Travel Tech Rules: Screen Time vs. the Family Vacation
Mom and Dad want to check email. The kids want to Snapchat. Now what?
By Jen Jones Donatelli
Two decades ago, the packing list for a typical family vacation included items like sunscreen, bathing suits, and binoculars. Today’s packing list has expanded to also include items like iPads and smartphones.
No doubt, electronic devices have their place in family travel. They offer everything from picture taking, to on-the-road entertainment, to keeping in touch with the outside world. But what’s the secret to keeping the family togetherness in family vacations?
For many parents, setting clear boundaries for travel tech is the key. For instance, when British mom Grainne Kelly travels with her two teenage sons, using devices at family meals is strictly off-limits. But she does permit “designated down time” for plugging in.
“Even on vacations, people need some alone time to work on self-care and process their day,” says Kelly. “Giving kids time to catch up with friends and social media will feel less like you are trying to cut them off from the ‘real’ world. Furthermore, it will be a less traumatic experience when you need them to unplug.”
Mom blogger Maria Lianos-Carbone says that allowing her kids to use their devices on an overseas flight greatly helped cut down on bickering. But when they landed, she asked her 13-year-old son to leave his phone in airplane mode for the duration of the trip. This approach had two benefits: Her son could still make use of the camera to take photos, but he didn’t use up any expensive data.
Screen Time: Parental Use Can Be Unavoidable
Sometimes, parents need to be plugged in for work even when they’re on vacation. That can complicate things. “Since my livelihood is freelancing and social media, I do have to check emails several times a day,” says Lianos-Carbone, who also needs to post daily on Instagram and Facebook. Lianos-Carbone tries to keep the emails to a minimum by setting up an out-of-office reply and only responding to time-sensitive emails and potential new clients.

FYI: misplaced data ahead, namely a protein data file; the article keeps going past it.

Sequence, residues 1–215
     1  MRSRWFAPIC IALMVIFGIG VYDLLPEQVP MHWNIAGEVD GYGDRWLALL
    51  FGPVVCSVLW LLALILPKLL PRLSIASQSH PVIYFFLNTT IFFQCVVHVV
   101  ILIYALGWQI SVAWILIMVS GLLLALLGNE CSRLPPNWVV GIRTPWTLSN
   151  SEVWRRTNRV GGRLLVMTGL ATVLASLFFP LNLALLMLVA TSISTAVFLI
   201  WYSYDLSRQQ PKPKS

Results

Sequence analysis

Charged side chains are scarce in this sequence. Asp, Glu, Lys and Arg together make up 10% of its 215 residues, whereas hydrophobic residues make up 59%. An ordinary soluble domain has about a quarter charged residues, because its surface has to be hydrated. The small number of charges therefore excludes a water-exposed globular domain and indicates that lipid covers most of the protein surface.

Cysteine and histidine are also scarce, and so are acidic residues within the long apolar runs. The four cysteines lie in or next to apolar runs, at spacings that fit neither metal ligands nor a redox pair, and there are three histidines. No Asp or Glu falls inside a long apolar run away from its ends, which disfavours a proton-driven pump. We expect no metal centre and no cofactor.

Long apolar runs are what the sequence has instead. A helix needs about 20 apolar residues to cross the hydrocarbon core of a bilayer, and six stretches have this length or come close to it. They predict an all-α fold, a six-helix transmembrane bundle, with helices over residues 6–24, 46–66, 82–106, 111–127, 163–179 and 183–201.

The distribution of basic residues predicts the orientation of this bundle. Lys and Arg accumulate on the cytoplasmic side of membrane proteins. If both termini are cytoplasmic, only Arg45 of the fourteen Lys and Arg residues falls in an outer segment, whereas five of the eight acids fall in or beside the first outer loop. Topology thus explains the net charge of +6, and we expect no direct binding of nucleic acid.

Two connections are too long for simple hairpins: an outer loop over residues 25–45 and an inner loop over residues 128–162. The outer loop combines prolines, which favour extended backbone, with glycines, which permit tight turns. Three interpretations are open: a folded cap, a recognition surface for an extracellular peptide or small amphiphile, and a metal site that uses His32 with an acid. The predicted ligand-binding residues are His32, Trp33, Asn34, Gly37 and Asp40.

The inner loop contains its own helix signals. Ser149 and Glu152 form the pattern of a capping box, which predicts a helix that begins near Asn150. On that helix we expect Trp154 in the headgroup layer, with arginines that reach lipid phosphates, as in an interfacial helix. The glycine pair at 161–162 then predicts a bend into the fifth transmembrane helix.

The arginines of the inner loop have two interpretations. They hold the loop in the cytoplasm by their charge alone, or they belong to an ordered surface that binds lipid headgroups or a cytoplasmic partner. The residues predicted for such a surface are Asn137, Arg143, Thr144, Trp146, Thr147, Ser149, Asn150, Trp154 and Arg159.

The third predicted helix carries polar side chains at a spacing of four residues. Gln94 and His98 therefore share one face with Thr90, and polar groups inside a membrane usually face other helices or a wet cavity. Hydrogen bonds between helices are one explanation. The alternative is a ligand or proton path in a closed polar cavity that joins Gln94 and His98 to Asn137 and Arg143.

Whatever rules you set for family travel, formalize them before the trip with a family meeting where everyone helps co-design a “Family Tech Agreement,” says Nicole Dreiske, executive director of the Chicago-based International Children’s Media Center and author of The Upside of Digital Devices.
And if your job may occasionally preclude you from honoring the agreement, Dreiske recommends being upfront.
“If you have deadlines to meet while traveling, opt for transparency,” suggests Dreiske. Say something like, “‘This trip is important to me, and being here with you guys is the most important. At the same time, I’ve got to get this proposal or article or report finished, so I’ll be working some nights.’” It’s a courtesy to give them a heads-up.
It’s How You Use It
While electronic connectedness can certainly interfere with family connectedness, the use of devices does have some benefits. It staves off boredom during transit, for instance, or helps with on-the-go research and documentation of memorable moments.
Kelly recommends making a shared Instagram account devoted exclusively to the trip, where all family members can login and share posts.
“This fun activity connects family members and friends, and gets social media urges out of everyone’s systems,” says Kelly. “At the end of each day, or better yet—after the vacation is over—go through all the pictures on the account. You may be surprised by the different perspectives.”
If you can’t reach a satisfying “family tech agreement” that keeps everyone’s noses out of their phones and iPads, consider traveling to a no-phone-zone. (Weekend in the Adirondacks, anyone?) It doesn’t necessarily have to be a remote destination in a far-off country. When Lianos-Carbone takes her sons to visit their grandparents in Florida, the house has no television or Wi-Fi. Instead, nights are spent renting movies or just chilling out together.
In the end, it’s all about finding the equation that works best for your brood.